Keenan hoping Longford can fight through setbacks
LONGFORD'S near miss against Kerry 10 months ago is all but forgotten everywhere -- except in the midland county.
There has been a lot of water under the bridge since then, not least David Kelly's penalty miss for Sligo, who, even more so than Longford, let Kerry off the hook on the way to another All-Ireland title.
But in Longford, they cling to the memory of a damp July evening and the image of Kieran Donaghy limping off after ruling the skies around Pearse Park for most of the game.
'Star's' injury in the second half meant Kerry were rudderless and allowed a county to dream. In the second half Longford held Kerry to just two points for close on 40 minutes of football. They couldn't do the damage up front themselves to reel in the Kingdom's nine-point half-time lead, but a four-point defeat was no disgrace and there were signs that Glen Ryan had put his stamp on the team.
Ryan's high-profile appointment was viewed as a coup for the county. He had just steered a Kildare U-21 side to an All-Ireland final and the Longford job was viewed as a trial run for an inevitable appointment to the Kildare hot seat.
But Longford's modest resources have been stretched to the limit this season, ahead of their Leinster championship opener against Louth in Portlaoise tomorrow.
Marquee forwards Paul Barden and Brian Kavanagh have been named in the starting side, despite missing much of the league campaign and being listed as major injury concerns earlier this week. They will undergo 11th-hour fitness tests, but even if they start, it remains to be seen how much action they will see.
Barden and Kavanagh's presence in the side is even more vital as Kevin Smith and Padraig Berry, who were part of the side that rattled Kerry last year, have emigrated. David Barden, brother of captain Paul and probably the most effective club footballer in the county last year, has opted out of the squad.
Cian Mimnagh is another who missed much of the league campaign. Paddy Dowd was persuaded to return to the panel after a brief retirement earlier this season due to a back injury, but the Clonguish man intermittently needs time out to recover, while a blood clot in selector Liam Keenan's leg meant his football career ground to a halt in late 2008. It's a strain that would impinge on most counties and a league campaign that yielded just two wins (over London and Kilkenny) showed just how much Longford have struggled.
"In a county like Longford, you really do miss players of that quality," Keenan agreed. "But we wanted to give the lads (Barden and Kavanagh) every chance to prove their fitness because they have worked hard to get there. If they don't make it we have lads who are more than capable of doing a job."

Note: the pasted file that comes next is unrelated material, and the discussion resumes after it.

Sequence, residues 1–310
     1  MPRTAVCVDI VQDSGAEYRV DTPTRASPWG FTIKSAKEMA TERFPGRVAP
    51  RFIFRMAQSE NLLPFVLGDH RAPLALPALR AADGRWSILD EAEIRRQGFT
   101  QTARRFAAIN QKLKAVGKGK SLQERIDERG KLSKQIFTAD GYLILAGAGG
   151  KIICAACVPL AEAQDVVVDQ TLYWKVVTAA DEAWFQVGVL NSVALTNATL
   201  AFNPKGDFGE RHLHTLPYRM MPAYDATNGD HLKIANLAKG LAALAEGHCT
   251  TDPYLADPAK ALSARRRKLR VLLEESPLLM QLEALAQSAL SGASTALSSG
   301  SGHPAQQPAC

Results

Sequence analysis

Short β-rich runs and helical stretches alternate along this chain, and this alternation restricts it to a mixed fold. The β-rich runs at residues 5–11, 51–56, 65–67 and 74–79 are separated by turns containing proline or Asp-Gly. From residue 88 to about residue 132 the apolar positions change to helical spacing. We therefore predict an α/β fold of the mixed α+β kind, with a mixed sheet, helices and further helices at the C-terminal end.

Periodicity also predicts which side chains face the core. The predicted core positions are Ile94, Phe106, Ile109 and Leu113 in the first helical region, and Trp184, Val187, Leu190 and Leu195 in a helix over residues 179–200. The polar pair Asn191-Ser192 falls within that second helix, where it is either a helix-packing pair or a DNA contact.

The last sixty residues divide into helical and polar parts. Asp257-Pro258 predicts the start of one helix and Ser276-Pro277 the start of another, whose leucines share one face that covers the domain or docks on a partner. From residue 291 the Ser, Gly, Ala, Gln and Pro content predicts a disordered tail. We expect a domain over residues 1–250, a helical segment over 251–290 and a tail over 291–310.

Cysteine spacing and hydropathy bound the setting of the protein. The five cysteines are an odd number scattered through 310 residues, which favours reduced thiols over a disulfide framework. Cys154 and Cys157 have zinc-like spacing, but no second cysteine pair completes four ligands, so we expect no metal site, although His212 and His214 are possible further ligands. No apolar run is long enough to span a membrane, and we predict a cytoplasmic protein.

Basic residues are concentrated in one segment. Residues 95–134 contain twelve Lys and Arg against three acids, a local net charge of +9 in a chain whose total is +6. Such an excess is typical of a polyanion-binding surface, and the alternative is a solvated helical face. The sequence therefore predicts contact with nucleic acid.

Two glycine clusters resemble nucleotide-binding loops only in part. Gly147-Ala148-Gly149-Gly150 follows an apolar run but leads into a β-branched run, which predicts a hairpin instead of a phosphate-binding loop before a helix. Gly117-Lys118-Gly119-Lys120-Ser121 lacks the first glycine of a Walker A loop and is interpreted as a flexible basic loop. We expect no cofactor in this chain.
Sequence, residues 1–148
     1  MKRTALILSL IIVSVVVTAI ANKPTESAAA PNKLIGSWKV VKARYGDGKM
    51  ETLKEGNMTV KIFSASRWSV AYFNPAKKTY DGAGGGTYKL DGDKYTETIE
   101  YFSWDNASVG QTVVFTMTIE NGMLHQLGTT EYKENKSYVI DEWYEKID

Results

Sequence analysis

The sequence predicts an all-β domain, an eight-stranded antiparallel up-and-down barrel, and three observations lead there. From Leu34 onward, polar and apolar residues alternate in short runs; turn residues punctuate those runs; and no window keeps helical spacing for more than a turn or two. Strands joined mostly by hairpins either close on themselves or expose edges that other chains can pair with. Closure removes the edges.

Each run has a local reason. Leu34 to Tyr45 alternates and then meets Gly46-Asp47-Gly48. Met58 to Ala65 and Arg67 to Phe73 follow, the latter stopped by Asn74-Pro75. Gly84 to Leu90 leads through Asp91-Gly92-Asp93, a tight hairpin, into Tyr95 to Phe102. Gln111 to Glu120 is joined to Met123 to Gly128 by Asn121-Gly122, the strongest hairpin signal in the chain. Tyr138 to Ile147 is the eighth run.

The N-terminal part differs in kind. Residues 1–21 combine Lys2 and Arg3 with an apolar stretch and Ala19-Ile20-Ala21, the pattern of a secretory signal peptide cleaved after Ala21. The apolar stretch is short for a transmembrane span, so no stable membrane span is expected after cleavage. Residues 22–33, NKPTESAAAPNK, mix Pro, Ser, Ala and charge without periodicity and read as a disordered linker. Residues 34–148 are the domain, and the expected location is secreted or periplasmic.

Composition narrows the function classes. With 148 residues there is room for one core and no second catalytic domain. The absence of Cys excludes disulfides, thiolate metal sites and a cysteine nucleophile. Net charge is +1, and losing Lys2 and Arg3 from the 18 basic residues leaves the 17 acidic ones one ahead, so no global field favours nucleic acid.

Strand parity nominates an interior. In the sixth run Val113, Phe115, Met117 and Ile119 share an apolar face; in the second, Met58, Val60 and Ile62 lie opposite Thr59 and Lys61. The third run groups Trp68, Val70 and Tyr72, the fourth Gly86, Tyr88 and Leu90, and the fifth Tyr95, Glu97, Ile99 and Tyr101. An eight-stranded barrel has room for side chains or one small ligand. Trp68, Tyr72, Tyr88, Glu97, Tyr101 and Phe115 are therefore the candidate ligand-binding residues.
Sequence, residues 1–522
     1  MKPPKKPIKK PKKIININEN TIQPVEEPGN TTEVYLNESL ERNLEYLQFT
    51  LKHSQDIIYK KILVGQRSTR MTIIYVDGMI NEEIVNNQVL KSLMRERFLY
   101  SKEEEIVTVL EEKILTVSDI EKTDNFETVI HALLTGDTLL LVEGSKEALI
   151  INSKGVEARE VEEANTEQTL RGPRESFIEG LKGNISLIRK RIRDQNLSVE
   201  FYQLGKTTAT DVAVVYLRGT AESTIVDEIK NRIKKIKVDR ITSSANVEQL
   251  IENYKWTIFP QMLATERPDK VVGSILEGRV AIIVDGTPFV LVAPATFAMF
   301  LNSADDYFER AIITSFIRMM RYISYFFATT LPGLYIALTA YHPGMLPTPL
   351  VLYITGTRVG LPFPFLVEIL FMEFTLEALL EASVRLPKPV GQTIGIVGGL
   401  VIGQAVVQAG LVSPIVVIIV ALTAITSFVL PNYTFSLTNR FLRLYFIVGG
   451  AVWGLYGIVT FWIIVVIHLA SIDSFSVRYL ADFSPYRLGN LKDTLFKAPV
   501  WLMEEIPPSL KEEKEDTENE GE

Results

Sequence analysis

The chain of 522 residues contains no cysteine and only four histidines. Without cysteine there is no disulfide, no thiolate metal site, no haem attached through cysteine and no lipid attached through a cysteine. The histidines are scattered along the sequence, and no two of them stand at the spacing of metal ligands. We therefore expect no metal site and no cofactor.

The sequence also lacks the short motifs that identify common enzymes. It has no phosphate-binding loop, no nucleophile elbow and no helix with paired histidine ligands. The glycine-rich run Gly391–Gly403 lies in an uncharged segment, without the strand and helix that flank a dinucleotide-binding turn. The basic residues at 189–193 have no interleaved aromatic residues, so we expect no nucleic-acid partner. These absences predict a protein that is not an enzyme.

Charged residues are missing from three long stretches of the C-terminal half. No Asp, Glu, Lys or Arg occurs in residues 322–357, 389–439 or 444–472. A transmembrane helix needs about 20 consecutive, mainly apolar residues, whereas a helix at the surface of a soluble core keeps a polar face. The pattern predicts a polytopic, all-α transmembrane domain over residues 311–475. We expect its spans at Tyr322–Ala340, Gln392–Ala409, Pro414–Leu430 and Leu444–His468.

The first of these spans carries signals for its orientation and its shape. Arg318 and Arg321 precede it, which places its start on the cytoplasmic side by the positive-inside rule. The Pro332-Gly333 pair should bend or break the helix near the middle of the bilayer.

Francis McGee has done the vast majority of the scoring for a side that has struggled in front of goal without the leadership of former International Rules player Paul Barden and Kilmacud Crokes' All-Ireland club championship winner Kavanagh. Meath legend Graham Geraghty was drafted in as forwards coach to add some cutting edge to the side, but by that stage hopes of promotion from Division 4 had been dashed.
"I suppose we realised that promotion was gone for us so we gave those lads time off to get their injuries right rather than forcing them to play on," Keenan added.
"It meant we ended up playing without six or seven of our first-choice players at certain points during the league. That was difficult, but others got good experience and it's important that everyone gets game time."
Keenan, who is still just 31 and had carved out a reputation as a combative midfielder for much of the last decade, sees many of the characteristics of Ryan the player in Ryan the manager.
"He was inspirational and a leader when he was a player and he's the same way as a manager. The players really respond to him," Keenan said.
"When I heard he was coming in I was excited about the chance to work with him as a player and then I got ruled out through injury. I didn't see myself here as a selector and would love to be playing on Sunday, but it's better to be still involved.
"Glen demands a couple of things off them; work rate and effort being the main thing. After that, you can't ask for much more."
Like Longford, Louth have struggled for consistency this season. Antrim and Sligo secured promotion from Division 3 as Peter Fitzpatrick got to grips with his new side, but Keenan is concerned that they have played at a higher grade of football then the midlanders.
"We'd know them quite well and would have met a lot in the league over the past few years. Playing a division higher helps, but I suppose they have been a little bit inconsistent like ourselves.
"They are strong down the middle and have some dangerous forwards like Shane Lennon and JP Rooney. But we're worrying about ourselves first. It's all we can do."